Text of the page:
If I had any doubt as to my sight-reading abilities, they were assuaged by the smooth, adept performance of the German aria Andras distributed when we arrived. It seems that in the eleventh hour we have added another piece to the program. For those of you who know Marian Siminski, our lovely and talented Mozart soloist from our last concert (and, incidentally, the musical director of Lakeshore Light Opera who has directed me for years), she’ll be back on Monday night.
The church is lovely, so if anyone gets bored with the music, they can look at the architecture and all the saints (if they tire of Andras gesticulating wildly). I know I spent a lot of time looking at it while various sections worked through rough sections and transitions. (Oh, we had our share, don’t think we didn’t.) We played with all the doors open last night, and people walking by came in and sat at the back for a while when they heard the music. I thought it was lovely. Imagine taking a stroll by the lake as the sun is going down, and the air is cooling off, and you hear this wonderful soaring Mozart which draws you in. The church melds the sound beautifully; I can see why many groups choose to record in such places. I can also see the immense technical headaches they create, namely that the brass and winds sound like they’re a fraction of a second behind the strings at times, because the sanctuary is round and collectes their sound before projecting it outwards.
One. One more day. Seven hours. Then friends, and music, and a summer of freelancing, writing, and catching up on me again.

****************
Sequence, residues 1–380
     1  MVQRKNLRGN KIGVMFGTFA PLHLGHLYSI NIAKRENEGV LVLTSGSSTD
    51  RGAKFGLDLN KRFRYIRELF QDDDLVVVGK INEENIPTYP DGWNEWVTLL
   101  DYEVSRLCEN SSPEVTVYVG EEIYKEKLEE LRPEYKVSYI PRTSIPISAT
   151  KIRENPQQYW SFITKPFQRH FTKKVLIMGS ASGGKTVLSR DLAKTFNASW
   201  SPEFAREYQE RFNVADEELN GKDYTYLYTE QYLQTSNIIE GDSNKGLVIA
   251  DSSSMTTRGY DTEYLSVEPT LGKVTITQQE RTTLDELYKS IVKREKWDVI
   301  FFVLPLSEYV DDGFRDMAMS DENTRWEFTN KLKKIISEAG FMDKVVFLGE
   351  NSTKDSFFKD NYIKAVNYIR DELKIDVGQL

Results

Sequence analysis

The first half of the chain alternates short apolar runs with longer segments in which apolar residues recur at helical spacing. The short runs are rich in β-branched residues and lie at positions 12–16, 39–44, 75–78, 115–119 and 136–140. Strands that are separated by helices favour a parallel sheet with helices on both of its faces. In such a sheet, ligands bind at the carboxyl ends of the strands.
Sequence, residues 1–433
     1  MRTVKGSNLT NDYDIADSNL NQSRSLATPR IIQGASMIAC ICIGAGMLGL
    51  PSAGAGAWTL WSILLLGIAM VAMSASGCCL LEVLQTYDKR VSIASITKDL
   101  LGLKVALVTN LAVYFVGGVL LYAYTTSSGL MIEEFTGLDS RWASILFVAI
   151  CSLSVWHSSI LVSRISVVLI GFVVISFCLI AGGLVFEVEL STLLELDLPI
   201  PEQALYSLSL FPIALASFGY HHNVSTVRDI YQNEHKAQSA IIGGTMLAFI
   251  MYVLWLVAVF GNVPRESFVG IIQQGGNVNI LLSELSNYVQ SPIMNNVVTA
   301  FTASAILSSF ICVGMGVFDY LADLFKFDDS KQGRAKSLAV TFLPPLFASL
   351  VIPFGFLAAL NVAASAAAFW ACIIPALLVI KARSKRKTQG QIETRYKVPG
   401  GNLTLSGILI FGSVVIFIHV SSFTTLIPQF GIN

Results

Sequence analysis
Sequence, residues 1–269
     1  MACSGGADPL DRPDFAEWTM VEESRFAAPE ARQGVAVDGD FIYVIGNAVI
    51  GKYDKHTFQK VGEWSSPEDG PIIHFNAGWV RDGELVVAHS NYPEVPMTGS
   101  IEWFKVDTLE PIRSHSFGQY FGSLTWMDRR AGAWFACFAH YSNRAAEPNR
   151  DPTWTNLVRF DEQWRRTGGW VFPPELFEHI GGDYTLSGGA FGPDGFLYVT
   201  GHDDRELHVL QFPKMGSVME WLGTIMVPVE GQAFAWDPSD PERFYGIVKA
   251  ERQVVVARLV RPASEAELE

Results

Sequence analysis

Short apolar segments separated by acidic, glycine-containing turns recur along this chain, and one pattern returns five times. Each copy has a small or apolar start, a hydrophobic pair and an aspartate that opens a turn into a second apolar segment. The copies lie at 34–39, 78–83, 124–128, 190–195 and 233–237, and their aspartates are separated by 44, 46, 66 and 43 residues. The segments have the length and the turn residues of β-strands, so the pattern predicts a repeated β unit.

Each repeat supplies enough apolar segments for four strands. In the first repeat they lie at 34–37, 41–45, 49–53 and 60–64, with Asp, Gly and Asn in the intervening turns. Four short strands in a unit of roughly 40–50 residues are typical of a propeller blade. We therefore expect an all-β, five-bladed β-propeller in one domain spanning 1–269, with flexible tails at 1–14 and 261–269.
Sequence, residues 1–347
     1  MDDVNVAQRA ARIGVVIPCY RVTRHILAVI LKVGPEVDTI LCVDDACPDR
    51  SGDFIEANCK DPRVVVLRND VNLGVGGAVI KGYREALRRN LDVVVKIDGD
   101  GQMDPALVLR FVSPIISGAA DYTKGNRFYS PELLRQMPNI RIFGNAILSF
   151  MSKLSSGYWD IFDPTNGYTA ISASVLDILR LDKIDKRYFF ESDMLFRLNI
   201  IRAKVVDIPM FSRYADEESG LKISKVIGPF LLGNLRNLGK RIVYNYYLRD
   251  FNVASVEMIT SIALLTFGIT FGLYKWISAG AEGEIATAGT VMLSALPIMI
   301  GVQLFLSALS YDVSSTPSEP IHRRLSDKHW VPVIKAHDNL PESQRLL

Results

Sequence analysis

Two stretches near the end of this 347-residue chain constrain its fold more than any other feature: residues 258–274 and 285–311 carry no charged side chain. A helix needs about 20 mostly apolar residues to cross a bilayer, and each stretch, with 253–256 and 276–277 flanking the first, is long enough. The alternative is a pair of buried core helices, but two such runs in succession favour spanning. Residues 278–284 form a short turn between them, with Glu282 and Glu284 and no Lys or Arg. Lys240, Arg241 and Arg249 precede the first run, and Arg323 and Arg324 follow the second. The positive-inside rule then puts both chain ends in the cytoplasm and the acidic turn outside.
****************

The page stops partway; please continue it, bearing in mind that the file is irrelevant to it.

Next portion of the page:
For some reason, I feel six feet tall today, willowy and all leg. My cello feels tiny. I hefted it through metro turnstiles and (worse) the outside doors to the stations themselves, where the vacuum created by the trains sucks them shut on you, forcing you to struggle to keep them open. Hard at the best of times; nigh impossible when you’re carrying sixteen hundred dollars that could all too quickly become firewood. Today it was easy, though.
I am, however, stuck humming I’m Getting Married In The Morning from My Fair Lady, since I played the Lerner & Loewe medley to bits this morning. I simply cannot get the Camelot section - Lusty Month of May is a cinch, but the actual Camelot theme - it’s a write-off. Fortunately I surge back supremely well with The Night They Invented Champage, thanks to MLG who burst into song in HMV last week when I asked him what show it was from. (You had to be there. No, really.)
There’s hope for me yet.